Students explore the ending and aftermath of the Korean War. They learn about the history of the Korean War and what war was like from the perspective of Koreans. Students learn about one of the many groups of displaced civilians whose lives were forever changed by the war, Korean children. They learn how Korean children became central to international aid efforts that led to the advent of transnational adoptions. ​ They analyze an article from 1953 about a Korean transnational adoptee and consider the broader impacts of Korean transnational adoptions on Koreans and Korean-Americans. Finally, students learn about transnational adoptions from the perspective of Deann Borshay Liem, a Korean adoptee.
Lesson 7: Saigu and Social Justice
Students are introduced to 1992 LA Civil Unrest and how it impacted Korean Americans. They reflect upon and critically analyze the responses of various individuals and groups to the unrest, examine issues of justice, and consider the legacy of Saigu for Korean Americans today.
Lesson 8: Korean Americans in the 21st Century
Students explore Korean popular culture in the United States, including K-Pop, Korean and Korean American films, food, and more. They compare and contrast K-POP and American Popular music, conduct short research on an example of Hallyu, analyze films, conduct research for a biographical presentation of a notable Korean American, and compose a memoir essay of their own experiences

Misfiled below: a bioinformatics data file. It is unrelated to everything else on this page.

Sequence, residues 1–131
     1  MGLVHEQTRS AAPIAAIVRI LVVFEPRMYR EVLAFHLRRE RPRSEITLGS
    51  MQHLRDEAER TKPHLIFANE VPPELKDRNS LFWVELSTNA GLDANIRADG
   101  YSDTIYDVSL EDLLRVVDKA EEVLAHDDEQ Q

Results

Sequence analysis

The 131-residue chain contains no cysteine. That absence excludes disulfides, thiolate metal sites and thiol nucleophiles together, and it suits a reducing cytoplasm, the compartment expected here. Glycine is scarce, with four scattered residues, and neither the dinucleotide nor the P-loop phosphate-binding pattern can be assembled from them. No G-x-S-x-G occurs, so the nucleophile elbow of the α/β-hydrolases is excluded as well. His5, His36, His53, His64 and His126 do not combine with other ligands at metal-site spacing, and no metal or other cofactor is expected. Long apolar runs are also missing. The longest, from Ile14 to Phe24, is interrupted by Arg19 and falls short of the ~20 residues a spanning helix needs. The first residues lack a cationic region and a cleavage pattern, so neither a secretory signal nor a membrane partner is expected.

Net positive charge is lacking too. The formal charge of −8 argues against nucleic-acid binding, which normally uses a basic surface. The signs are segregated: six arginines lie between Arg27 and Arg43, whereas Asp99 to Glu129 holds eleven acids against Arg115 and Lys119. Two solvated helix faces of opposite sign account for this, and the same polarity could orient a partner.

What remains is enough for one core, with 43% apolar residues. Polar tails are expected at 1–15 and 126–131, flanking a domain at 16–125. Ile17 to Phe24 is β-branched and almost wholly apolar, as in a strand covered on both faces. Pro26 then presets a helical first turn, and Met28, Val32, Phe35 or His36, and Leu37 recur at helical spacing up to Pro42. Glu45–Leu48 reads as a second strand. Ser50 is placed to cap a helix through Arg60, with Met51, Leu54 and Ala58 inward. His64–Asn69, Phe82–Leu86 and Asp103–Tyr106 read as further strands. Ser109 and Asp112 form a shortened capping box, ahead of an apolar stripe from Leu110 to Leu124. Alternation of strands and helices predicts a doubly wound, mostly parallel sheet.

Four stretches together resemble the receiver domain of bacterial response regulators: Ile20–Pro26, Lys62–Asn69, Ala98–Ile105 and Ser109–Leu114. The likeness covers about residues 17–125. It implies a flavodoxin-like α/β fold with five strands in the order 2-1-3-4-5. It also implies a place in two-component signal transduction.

Korean American Ethnic Studies
About Lesson


Activity 1.2: Who are Korean Americans? Why did they leave Korea and come to the U.S.?

    Students deepen their understanding of who Korean Americans are and why they came to the U.S. by watching documentaries of Korean American history. They explore how immigrant experiences have evolved since 1900. Song So-Hee performing Arirang. (Source: Wikipedia)       

Activity Questions

  1. Who are Korean Americans?
  2. Why did they leave Korea and come to the U.S.?
  3. What was life like for the Koreans who immigrated to Hawaii?
  4. How were Korean immigrants treated during WW I and WW II?
  5. What was life like for Korean immigrants in the second wave?
  6. How have Korean immigrant experiences evolved since 1903?

Instructional Strategies

  • To support these activities, use the Lesson 1 Presentation. 

  Arirang and First Immigrant Wave

  • Before Viewing
    • Inform students that the first activity in Lesson 1 involved looking at the Korean diaspora and that now we will explore how individual Korean Americans made their decisions to come to the United States. 
    • Explain the meaning of Arirang and ask students why this documentary was named thus.
    • Ask students to list reasons why they think people leave their homes or native countries. Facilitate a brief whole-class discussion of the reasons students listed.